All of these scenes are powerful and often emotionally moving, but strangely the story as a whole doesn't quite reach that same level and that's because the screenplay can't help but seem kind of cliché ridden. While that may seem like a huge insult it isn't exactly since musicals play by a different set of rules and by nature are built almost entirely on clichés. And when we're dealing with the sixties that opens up a can of worms in terms of what can be thrown in the script. The draft. Anti-war protests. Forbidden love. Race riots. The emerging rock scene. Counter-culture. The generation gap. You could go on forever. They even find a way to squeeze homosexuality in there. It gets a pass though because musicals are supposed to paint with broad strokes and although many of these issues seem cliché now they weren't back then and The Beatles' music did reflect what was going on at the time with not much more subtleness than this film, so it fits. You get the impression that if the "Fab Four" saw the film they'd probably love it (supposedly Paul McCartney viewed it and did). The movie is sincere, wearing its heart on its sleeve while lacking the inherent silliness that has sunk so many movie musicals in recent years. There's no winking at the camera or anything to joke about here, which is a nice change for a genre that on film could really never be taken seriously at all.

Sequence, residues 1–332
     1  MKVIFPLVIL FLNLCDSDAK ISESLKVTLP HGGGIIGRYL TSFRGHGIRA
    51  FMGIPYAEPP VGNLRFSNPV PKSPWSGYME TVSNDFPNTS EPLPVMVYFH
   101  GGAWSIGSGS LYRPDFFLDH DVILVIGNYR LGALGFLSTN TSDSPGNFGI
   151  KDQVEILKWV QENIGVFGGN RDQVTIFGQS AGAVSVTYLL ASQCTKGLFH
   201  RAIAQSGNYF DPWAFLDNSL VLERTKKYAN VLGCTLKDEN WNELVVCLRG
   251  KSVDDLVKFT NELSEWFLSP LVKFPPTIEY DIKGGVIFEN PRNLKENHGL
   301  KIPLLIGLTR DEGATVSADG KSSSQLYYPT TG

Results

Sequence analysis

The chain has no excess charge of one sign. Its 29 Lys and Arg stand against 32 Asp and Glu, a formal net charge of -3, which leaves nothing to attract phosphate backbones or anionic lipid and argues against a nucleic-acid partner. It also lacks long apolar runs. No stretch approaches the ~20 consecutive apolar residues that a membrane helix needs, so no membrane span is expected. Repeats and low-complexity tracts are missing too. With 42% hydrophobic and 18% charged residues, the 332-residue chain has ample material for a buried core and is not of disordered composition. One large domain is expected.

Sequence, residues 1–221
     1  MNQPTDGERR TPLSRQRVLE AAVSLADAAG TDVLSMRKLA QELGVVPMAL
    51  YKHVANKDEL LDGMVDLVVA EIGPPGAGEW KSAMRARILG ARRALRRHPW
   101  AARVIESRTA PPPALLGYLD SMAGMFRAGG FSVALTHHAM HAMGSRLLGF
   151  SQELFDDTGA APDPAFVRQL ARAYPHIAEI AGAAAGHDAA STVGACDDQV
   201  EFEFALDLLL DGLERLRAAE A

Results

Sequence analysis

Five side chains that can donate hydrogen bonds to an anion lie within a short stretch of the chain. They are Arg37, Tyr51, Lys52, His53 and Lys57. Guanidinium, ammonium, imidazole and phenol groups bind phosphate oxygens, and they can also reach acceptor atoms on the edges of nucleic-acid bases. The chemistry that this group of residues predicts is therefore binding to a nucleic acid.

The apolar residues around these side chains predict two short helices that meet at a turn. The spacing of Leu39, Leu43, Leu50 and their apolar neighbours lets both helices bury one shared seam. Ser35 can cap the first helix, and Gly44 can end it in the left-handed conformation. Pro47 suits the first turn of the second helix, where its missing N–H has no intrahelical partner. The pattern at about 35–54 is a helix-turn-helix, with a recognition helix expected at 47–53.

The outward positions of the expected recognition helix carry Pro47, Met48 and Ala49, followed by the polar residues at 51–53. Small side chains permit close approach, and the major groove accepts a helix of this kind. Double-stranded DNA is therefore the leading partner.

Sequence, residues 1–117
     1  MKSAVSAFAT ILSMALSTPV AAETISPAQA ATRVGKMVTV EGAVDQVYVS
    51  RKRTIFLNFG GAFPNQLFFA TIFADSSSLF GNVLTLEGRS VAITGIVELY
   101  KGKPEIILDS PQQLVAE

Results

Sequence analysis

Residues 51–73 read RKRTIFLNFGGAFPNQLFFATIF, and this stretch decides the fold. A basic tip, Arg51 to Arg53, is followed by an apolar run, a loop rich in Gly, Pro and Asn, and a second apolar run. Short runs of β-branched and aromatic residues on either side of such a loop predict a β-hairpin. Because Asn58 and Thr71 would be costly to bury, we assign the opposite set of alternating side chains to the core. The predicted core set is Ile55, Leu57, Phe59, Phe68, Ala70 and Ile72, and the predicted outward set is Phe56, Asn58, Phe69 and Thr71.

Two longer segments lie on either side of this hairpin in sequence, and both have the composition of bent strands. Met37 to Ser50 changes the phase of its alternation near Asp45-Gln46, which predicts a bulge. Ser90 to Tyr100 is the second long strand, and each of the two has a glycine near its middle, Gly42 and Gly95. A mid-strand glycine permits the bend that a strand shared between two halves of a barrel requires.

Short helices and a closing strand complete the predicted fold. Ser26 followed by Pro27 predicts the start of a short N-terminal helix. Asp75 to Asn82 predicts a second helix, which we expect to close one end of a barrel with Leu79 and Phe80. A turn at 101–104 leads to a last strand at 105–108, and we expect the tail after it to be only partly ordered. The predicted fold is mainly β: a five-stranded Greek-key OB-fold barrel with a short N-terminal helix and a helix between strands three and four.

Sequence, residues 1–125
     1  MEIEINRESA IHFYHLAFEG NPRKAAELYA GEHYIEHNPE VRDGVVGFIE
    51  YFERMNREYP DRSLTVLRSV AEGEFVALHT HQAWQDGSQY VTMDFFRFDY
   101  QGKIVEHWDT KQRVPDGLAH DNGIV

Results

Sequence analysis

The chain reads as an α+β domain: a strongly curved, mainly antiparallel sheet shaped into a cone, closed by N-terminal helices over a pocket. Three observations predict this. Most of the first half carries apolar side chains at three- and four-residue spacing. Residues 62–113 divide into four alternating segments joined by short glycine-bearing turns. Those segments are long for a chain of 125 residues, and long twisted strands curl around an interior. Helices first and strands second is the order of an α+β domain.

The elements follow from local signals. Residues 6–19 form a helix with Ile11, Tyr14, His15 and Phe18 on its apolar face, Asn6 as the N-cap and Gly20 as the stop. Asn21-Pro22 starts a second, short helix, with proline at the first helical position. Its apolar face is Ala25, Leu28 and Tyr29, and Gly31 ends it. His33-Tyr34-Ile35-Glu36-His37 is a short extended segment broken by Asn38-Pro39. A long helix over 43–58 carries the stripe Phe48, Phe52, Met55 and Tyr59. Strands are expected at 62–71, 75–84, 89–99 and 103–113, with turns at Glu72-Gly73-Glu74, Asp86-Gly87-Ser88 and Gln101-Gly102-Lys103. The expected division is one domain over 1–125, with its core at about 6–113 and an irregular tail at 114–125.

A big fuss has been made about how timely this film is and how it can be viewed as being reflective of what's happening in our country at the moment. While I definitely appreciate the fact that this could make the story resonate more with some, for me it hurts the film a little…at least right now. I've just been so sick of hearing about politics everywhere I turn that I've been completely burned out with it. The last thing I wanted to see was a movie that addresses it, but that's more a reflection on me than the picture. What does reflect on the film though is that at times it seems to be preaching from the pulpit with its anti-war message. Perhaps when some time has past and I go back to the film again it's possible that aspect won't hit as much of a sour note, but I just don't like it when films start proselytizing about politics regardless of whether it's reflective of the mindset in that time period.